(Written by William)
A while back, I discussed certain areas that motivate you to play with LEGO. (See post here: What Motivates Your LEGO Creations?) Responding to my post was a comment that got me thinking. The person did not find any need to motivate themselves to play with LEGO. Rather, they played for the experience.
This has led me to the topic at hand. What is your goal with LEGO? Anyone who has picked up a LEGO-brick inevitably has to do something with it. It may be to create a colorful mosaic, a daredevil’s death-mobile, or scale replica of a 1930’s whatever. The point is we build, but in order to do what?
Considering the possibilities, I’ve broken them down into three main categories. The first is to educate. The second is for the experience. And the last is for a purpose. Now mind you; these categories are not mutually exclusive. They do overlap. In fact, things seem to work best when they’re in complete balance. Problems arise when one goal dominates, which causes “Builder’s Block.” (Sorry, that pun was too good to pass up!)
USING LEGO FOR EDUCATION
LEGO recognizes that there is a wealth of learning possibilities with their product. It is one of the key factors why it is such a popular toy. Even programs like LEGO Serious Play show how the education factor can be targeted towards adults.
The simple fact is LEGO is a tool of creation. It gives us new insights on how things can work together. A great builder should always be open to the possibility to learn new ways for a piece to be used.
Many adults when they get back into LEGO can forget this fact. They will see a LEGO piece and know that a piece is used in a certain way and that is it. This is caused by the way we are trained to be as adults. For instance, only paper goes in the printer and not our fruit roll-ups. That is very useful in the adult world where imagination has been quashed, but that mindset is tragic for LEGO builders.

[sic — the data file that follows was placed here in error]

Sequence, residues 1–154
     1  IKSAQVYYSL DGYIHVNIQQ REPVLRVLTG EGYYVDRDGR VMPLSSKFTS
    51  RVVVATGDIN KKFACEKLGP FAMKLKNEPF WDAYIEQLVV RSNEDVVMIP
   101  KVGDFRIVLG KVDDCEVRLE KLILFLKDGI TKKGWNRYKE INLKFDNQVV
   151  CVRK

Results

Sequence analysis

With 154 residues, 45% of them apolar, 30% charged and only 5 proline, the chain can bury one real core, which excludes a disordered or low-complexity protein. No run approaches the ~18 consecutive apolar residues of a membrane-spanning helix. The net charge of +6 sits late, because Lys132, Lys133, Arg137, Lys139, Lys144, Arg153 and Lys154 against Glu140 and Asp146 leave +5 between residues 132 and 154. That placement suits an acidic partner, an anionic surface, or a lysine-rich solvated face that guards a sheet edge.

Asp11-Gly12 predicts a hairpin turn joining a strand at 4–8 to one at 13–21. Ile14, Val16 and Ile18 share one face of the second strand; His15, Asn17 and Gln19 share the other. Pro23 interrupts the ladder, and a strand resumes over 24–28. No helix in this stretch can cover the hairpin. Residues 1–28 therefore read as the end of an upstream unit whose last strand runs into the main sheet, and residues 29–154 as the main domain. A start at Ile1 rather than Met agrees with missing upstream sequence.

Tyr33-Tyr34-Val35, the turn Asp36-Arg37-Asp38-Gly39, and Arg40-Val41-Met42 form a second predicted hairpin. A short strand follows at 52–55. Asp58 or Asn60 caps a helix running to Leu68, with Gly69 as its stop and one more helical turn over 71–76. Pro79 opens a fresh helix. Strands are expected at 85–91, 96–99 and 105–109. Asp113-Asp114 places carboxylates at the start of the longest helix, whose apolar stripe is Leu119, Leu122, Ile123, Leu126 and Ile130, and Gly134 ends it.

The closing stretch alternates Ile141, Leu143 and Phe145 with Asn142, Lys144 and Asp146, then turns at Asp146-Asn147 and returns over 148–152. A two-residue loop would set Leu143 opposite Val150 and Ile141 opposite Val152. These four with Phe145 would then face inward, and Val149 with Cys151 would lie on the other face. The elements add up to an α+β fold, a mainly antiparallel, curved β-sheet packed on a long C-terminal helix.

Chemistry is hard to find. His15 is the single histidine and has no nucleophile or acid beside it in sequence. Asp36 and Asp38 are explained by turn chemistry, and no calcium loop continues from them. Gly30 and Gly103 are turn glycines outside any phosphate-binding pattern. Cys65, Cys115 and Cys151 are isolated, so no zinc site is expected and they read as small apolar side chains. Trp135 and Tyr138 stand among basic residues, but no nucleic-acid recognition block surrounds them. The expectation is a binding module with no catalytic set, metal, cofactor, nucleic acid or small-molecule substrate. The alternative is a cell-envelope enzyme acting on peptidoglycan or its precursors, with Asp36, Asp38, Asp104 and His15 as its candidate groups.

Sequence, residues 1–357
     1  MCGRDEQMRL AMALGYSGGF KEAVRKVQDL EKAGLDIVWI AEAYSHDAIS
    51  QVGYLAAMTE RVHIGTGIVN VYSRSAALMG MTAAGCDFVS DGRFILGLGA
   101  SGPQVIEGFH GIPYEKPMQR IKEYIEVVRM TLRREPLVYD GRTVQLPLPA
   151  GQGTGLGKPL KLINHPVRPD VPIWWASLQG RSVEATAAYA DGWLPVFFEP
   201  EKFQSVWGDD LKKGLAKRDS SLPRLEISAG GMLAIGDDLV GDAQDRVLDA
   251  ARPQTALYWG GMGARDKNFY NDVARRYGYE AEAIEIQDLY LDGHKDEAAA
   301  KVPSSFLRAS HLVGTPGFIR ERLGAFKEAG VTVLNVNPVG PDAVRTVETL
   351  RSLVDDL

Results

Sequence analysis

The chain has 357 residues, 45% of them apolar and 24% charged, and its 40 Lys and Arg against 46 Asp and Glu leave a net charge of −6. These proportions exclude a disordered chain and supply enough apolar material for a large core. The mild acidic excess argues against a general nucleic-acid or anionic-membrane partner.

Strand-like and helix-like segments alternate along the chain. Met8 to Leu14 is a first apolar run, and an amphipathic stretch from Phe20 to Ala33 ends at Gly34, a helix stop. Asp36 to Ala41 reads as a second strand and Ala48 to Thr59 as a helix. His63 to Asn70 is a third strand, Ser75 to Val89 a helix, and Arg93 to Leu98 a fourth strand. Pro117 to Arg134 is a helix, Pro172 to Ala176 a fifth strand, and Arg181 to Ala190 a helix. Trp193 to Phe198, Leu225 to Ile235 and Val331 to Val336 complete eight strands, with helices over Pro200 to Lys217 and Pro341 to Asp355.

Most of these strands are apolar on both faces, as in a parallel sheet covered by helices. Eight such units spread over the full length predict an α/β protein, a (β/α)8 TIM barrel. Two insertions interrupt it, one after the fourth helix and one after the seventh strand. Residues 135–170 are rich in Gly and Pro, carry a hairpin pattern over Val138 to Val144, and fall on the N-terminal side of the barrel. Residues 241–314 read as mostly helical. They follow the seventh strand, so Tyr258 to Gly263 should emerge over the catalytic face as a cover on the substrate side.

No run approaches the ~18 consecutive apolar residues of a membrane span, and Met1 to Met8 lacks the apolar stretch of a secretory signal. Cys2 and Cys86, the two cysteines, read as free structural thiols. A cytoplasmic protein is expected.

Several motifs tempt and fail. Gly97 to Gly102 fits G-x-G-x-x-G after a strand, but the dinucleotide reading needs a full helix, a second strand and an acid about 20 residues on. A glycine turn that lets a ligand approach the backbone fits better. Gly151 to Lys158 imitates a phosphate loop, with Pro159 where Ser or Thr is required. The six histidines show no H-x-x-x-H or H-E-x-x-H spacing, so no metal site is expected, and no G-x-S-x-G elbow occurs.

USING LEGO FOR EXPERIENCE
The act of doing is crucial in getting things done. The problem is doing things without a point is not worth anything. For example, sweeping a clean sidewalk seems like wasted energy. This logic does not hold true with LEGO.
Snapping LEGO pieces together often proves to be a very therapeutic experience for many LEGO fans. The act of putting elements together is simply a sign that our minds are constantly working.
This assembling process allows us not to judge. We as creators need this permission. If we are stuck behind a wall of judgment, there’s a good chance we’ll never build anything. So give it a try and just create. Who knows, you might build something you like.
USING LEGO WITH A PURPOSE
This is probably the goal everyone gets fixated with. You take your LEGO pieces and build something. This goal dominates and haunts new LEGO builders. They have seen the promise land – large towering edifices with countless features and detailing. Now it is their mission – no, their responsibility – to create something equally monumental.
And this is where the problem lies. Sure the greatest LEGO builders make some really cool things, but it is kept in balance with the other goals. Occasionally, they will construct a model purely for the sake of a purpose. But that same person will go home and take time to just play and learn.
The thing is you never have to focus on a purpose with LEGO. Many times it comes in an inspired moment. At those times, it’s nearly impossible to stop building. For instance, when I was constructing a display for my local LEGO store, I built for ten and a half hours straight. The funny thing is I only had a vague idea of what I was going to build.
LEGO is one of those unique toys that seems to lead to many places. For this reason, many consider LEGO the stuff of imagination. It’s where you can build a fruit roll-up printer and space men that need it for fuel. It reminds us that we should keep ourselves open and discover what is truly possible.
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